Sanchez transfer already spelling trouble for Rashford and Martial at Manchester United

Words By Conor Kelly Illustration by Philippe Fenner
February 19, 2018
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‘Those who do not learn history are doomed to repeat it.’

That old, often confused George Santayana quotation is so regularly applicable to top level football. Last Sunday afternoon, Jose Mourinho put on a charm offensive. He’d just witnessed his Manchester United side lose 1-0 to Newcastle United after a rudderless and lacklustre display, but the new zen-like Portuguese was at peace with the world. He even hugged old adversary Rafa Benitez at full-time affectionately.

“I think that’s a beautiful thing in football. “After a few defeats Sir Bobby (Robson) once told me: ‘Don’t feel so sad, think about the happiness of the other team,’” Mourinho remarked in his post-match press conference. “The god’s of football were on their side.”

Such feigned gracefulness was reminiscent of when Chelsea were dumped out of the FA Cup by Bradford in 2015 and Mourinho patronisingly claimed he could ‘find space’ to be happy for the League One side despite the humiliation suffered by his own team.

Another glance at the past would make for uncomfortable viewing for Anthony Martial and Marcus Rashford. United’s prodigiously gifted young attackers must have found themselves internally evaluating where they now stand at the club after the January signing of Alexis Sanchez. It’s early days, but those fears are already rearing their head given the way the Chilean’s first month at Old Trafford has progressed.

Despite trying out a system with three central defenders and wingbacks earlier in the season, Mourinho invariably favours a 4-3-3 or 4-2-3-1 formation. In all four of his games so far, Sanchez has played on the left of the three behind Romelu Lukaku – the role usually occupied by Martial or Rashford. Jesse Lingard is seemingly assured of the central position, so that leaves only space on the right.

Martial is a centre-forward by trade, but has played much of his football for United on the left. In recent months he has excelled, scoring in each of the three games before Sanchez arrived. The Frenchman was shunted out to the right at the weekend and looked totally confused as to what exactly his job was.
Rashford has played just 19 minutes in the league since Sanchez’s signing. On Sky’s Monday night football, a question was put to Thierry Henry on the 20 year-old’s future. Henry was of the opinion that Rashford needed to go and play, a remark which was derided by United supporters on social media who pointed out that Rashford had played more than any other outfield footballer at the club this season. He hasn’t started a league match in 2018 yet though, and while a period of rest is no bad thing to prevent burnout in the long run, it’s hard to see a way he gets back a regular starting berth given Mourinho’s track record.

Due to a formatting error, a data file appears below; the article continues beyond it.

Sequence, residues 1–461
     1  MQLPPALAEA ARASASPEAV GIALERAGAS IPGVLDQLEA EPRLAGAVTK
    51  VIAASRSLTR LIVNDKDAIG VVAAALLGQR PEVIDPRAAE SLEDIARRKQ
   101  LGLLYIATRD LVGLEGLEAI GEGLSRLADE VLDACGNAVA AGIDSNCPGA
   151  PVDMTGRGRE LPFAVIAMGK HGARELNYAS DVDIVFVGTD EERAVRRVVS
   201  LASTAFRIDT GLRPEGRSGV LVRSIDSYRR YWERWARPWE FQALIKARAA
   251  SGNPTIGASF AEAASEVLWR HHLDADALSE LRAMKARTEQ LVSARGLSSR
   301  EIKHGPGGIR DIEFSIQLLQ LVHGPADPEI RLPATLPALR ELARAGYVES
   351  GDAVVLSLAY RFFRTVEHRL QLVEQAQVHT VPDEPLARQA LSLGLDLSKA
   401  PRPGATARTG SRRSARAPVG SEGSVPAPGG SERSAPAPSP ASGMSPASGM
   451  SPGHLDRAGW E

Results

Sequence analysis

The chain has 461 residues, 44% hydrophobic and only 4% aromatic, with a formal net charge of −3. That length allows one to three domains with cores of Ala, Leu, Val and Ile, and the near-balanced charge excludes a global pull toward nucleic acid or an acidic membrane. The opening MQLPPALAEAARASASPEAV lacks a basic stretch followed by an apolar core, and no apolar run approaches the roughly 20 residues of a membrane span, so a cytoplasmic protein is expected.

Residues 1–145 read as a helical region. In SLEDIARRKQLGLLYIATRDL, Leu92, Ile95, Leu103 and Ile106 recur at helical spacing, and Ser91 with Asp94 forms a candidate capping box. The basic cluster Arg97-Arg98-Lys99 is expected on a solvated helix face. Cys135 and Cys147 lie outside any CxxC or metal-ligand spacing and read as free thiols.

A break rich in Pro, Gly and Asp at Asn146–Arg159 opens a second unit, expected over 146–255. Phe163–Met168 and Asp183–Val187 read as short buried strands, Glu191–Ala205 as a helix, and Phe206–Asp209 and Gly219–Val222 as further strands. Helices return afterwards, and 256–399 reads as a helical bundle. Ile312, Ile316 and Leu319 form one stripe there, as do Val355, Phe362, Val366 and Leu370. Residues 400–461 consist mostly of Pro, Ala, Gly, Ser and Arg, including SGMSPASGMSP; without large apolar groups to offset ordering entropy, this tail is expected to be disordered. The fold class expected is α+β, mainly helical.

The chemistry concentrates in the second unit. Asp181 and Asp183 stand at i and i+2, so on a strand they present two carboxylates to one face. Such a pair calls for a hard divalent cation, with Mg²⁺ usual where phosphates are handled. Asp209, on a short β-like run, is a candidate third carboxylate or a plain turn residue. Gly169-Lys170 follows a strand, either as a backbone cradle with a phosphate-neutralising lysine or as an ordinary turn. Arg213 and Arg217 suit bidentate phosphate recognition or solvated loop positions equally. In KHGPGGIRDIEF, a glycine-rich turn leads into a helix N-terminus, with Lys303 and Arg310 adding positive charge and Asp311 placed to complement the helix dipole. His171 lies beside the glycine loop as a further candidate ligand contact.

There are countless examples of Mourinho dispensing with younger, less developed players in favour of the finished article – the most prescient arguably being Kevin De Bruyne. The Belgian recounts an incident during a training session at Chelsea where Mourinho summoned his attacking midfielders in a circle and read out their goals and assist – focussing on De Bruyne’s numbers unfavourably by comparison to Eden Hazard, Oscar and Willian. Having only played in two matches, De Bruyne was rightly outraged.

“I have no statistics — two games, what do you want me to do? I had a feeling I wasn’t even going to play.”

De Bruyne went to Wolfsburg, was named Bundesliga player of the year and within eighteen months was back on British soil. At Manchester City, he is the centrepiece of a team breaking records and one which is designed towards his strengths. The argument some of have made is that neither he nor Mohamed Salah were ready for the top level when they were at Chelsea. But it’s difficult to decipher how ready a player is if they are given scant opportunities to show it.

Others who initially delivered for Mourinho such as Arjen Robben and Eden Hazard were eventually worn down. Mourinho tired of Robben’s apparently brittle body breaking down while Hazard’s productivity dropped significantly in those ill-fated final months at Stamford Bridge.

One commonality shared by Salah, De Bruyne, Robben and Hazard is that they improved markedly when they moved away from Mourinho and worked with coaches who understood how to get the best out of them. Considering Mourinho recently signed a new five-year deal at United, Rashford and Martial must be contemplating their future and analysing what’s best for their development. History suggests they may have to go elsewhere.

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